Rohn Buser crosses the finish line in first place at the 2012 Kuskokwim 300 Sled Dog Race. Rohn has signed up for the 2013 race which begins January 18 and features an all-star roster including 2011 Iditarod champion John Baker of Kotzebue. - Nili Sundown

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Kusko 300: Tough trails, tougher competition

January 11th 2:04 pm | Jillian Rogers Print this article   Email this article   Create a Shortlink for this article

In the dog-eat-dog world of competitive mushing, there are a few races that stand out as being extra grueling. The Kuskokwim 300 is one of those exceptionally challenging events.

But this year, the stakes are higher than usual with a remarkable roster including the state's top dog drivers. As of Tuesday, 28 mushers had officially signed on for the 34th running of K300. Not since 1994 has the Kusko seen so many entrants and race officials are ecstatic.

"I think this will have a big impact on the race," said K300 race manager Zach Fansler. "All the stars are coming out this year, and everybody's a threat."

And when Fansler says stars, he means it.

The winningest musher in K300 history, eight-time champion Jeff King, will be at the start line on Jan. 18 in Bethel, as will fellow four-time Iditarod Trail Sled Dog Race champs Lance Mackey and Martin Buser. Rohn Buser, last year's winner of the K300, is on the roster, as is 2011 Iditarod winner John Baker of Kotzebue. Baker won the Kusko in 2010 and has finished 12 races in total, with nine top-10 finishes under his belt. Baker finished second to Rohn in last year's race. Katherine Keith, a Kusko rookie, will run Baker's second string.

2012 Iditarod runner-up Aliy Zirkle will test her mettle against the field as will 2012 Kobuk 440 champ Ken Anderson, who was the first to sign up for the 2013 Kusko.

"He's always a threat," Fansler said of Anderson. According to Anderson's website, he's switched his training in the hills north of Fairbanks to river running in order to prepare for the Kusko.

But no matter where the musher and team hail from, this is truly anybody's race, Fansler said.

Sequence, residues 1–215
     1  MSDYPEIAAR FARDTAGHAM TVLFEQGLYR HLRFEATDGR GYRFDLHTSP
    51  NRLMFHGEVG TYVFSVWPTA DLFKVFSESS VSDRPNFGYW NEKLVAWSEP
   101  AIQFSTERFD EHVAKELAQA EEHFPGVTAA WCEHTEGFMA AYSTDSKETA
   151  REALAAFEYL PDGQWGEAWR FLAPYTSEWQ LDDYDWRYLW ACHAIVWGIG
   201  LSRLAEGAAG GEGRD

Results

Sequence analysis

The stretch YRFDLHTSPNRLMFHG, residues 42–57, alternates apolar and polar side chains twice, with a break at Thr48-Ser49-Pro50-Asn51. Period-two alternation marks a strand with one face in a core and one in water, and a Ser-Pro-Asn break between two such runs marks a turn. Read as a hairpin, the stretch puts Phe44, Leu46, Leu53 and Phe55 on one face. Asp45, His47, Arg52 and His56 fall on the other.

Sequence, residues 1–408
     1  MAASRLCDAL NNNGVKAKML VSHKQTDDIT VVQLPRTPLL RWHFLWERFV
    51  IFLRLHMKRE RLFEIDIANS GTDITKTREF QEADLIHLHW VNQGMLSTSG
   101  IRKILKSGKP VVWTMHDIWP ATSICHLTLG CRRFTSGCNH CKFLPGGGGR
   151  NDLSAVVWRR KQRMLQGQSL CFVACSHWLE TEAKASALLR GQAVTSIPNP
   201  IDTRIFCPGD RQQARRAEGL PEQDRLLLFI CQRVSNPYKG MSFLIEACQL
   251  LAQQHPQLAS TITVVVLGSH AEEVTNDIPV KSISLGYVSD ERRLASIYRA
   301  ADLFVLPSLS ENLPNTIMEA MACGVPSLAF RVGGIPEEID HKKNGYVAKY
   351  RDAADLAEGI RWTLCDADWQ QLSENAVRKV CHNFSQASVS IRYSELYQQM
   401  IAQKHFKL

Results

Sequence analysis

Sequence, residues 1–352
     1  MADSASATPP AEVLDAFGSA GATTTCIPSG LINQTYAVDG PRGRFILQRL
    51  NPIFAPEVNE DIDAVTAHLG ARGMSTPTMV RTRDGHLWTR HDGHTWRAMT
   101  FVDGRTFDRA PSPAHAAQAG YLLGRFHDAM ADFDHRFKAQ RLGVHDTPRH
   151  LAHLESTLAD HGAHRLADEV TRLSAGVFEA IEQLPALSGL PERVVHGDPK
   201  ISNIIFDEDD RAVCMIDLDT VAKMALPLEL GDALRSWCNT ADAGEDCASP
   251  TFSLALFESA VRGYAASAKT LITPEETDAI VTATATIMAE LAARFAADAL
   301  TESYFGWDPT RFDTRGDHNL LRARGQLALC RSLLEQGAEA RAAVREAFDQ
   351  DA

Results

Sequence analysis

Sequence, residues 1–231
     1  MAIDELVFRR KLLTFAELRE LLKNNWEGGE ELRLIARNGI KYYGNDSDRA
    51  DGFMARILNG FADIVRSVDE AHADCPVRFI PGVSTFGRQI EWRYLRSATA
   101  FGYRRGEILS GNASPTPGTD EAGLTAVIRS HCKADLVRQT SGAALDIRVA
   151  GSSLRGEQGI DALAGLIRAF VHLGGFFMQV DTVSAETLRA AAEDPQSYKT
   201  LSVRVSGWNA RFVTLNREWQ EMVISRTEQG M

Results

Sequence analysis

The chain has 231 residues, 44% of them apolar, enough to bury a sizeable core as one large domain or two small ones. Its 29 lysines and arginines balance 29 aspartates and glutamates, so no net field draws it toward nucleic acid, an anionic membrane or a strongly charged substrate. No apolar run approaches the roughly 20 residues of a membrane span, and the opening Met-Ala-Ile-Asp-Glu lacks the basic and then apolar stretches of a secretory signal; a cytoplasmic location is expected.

"I think every team has a shot," Fanslser said. "We generally don't see many teams who just want to finish, these are competitive teams."

They want to win. And experience will pay off, he added.

"Anything and everything will happen on this race," Fansler added.

Fansler attributed the increase in racers to a few things.

Earlier this season the K300 race organization announced a 10 percent increase in the total purse, which makes the Kusko the richest race per mile in the state, according to Fansler.

The 10 percent increase will be distributed evenly throughout the top 20 finishers in the K300 and will see the total winnings go from $100,000 to $110,000. That means $22,000 for first place. But the nonprofit race organization is responsible for several other races — the Bogus Creek 150, which also begins on Jan. 18, and the Akiak Dash, which starts on January 19 - which will also see more prize money for finishers.

Another contributing factor to the influx of mushers is the January thaw that made short work of the trails in Knik and Willow, and forced race organizers to cancel the Knik 200 and the Don Bowers Memorial 200/300. The Don Bowers was to be held on the same weekend as the Kusko. While the cost to get to Bethel for the K300 is significantly higher than races on the road system, mushers are hungry for early-season events to test their dogs and themselves before the big 1,000-mile races.

A couple more late entries are possible, even with the entry fee doubling from $400 to $800 as of Jan. 1, said Fansler.

"I wouldn't be shocked if we broke the 30 mark," Fansler said. "Most mushers have a connection here and that's a big part of it as well..."

Organizers are also optimistic are about the trail conditions. So far, so good, Fansler said. Up to five inches of new snow fell over the weekend which makes for smooth trails. Plus, everything is frozen solid, with no signs of deep, open water. Overflow is common, especially on this race, and anything could change between now and race day, he stressed, but so far the teams will be running, not swimming, during the race oft dubbed the Kuskoswim 300.

"Everything we're seeing is above-average trail, knock on wood," he said. "Things can go awry quickly (because) you just can't predict the weather here."

The 28 mushers officially entered as of Tuesday are Ken Anderson, Aliy Zirkle, Allen Moore, Paul Gebhardt, Rohn Buser, Martin Buser, Ray Redington, Jr., Ramey Smyth, Tony Browning, Kristy Berington, Mike Williams, Jr., Mike Williams, Sr., Jeff King, Joe Garnie, Josh Cadzow, Cim Smyth, Scott Smith, Pete Kaiser, Lance Mackey, Richie Diehl, Mikhail Telpin, Joar Leifseth Ulsom, Louis Ambrose, Rudy Demoski, Jimmy Hurley, John Baker, Isaac Underwood and Katherine Keith.

For more information visit K300@alaska.com or call Fansler at 545-3300

 

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